These troublesome discussions about coupledom and domesticity bring us full-circle back to feminism and the negation of our multiple backgrounds. After all, not all of us come from a two-parent heterosexual white middle-class family in suburbia...but our schooling, advertisers, and national news media sure want us to think that we do! So that anything that falls away from that created "normativity" brings about intense feelings of shame and self doubt. So, as always, we need to return to our roots and our communities who have been struggling with these issues for generations and learn from our Elders and next-door neighbors. We need to realize that gender non-conformity within couples is all around us and we need to open the discussion and shed light in on how fabulous it is!
Saturday, June 27, 2009
Now, I'm not part of the bilerico community although I have certainly used their news items and comments to find more and fascinating news and people. And I have great admiration for bil's activism around Taysia Elzy's awful murder. I have also seen his site used as a way to showcase an amazing group of queer activists, writers, and community members talking about their identities. So in writing this blog I'm not debating the situation, I just want to focus on one exchange of comments.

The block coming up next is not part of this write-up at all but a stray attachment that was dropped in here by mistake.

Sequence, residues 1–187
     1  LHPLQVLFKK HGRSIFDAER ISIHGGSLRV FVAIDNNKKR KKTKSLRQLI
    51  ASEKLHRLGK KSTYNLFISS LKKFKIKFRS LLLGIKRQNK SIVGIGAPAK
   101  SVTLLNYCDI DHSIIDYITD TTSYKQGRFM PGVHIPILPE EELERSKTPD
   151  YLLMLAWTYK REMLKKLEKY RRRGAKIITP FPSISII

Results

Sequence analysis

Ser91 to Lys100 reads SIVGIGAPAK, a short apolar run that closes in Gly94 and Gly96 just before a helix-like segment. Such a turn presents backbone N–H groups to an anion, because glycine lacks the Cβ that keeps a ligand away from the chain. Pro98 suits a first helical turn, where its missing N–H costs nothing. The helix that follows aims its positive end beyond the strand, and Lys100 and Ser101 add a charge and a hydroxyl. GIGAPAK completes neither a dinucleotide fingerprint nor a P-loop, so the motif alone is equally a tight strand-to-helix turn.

"Nick" a bilerico commenter wrote about the "expression of complete frustration, exhausted rage" that was expressed and how that rage "can be an inspiring" tool for social change. "Energizing and comforting". To which many commenters hauled out the old non-violence line about how "true social change" is non-violent. And it can be. The movements of classic non-violent resistance are a wonderful teaching tool on the multiple ways that change can be made. However, for every non-violent movement that was successful (or even unsuccessful) there were other movements happening simultaneously. Movements that worked within stems of oppression, movements that resisted with violence, movements that focused more on artistic expression as resistance...US schools end to teach our history as being succinct, boxed, and compact. But none of these movements for change existed one-dimensionally. The struggle for gender equality (which I see transgender rights as an integral part of) can not be boxed into "this will happen non-violently" as we are coming from too many different places for one rule to unite us.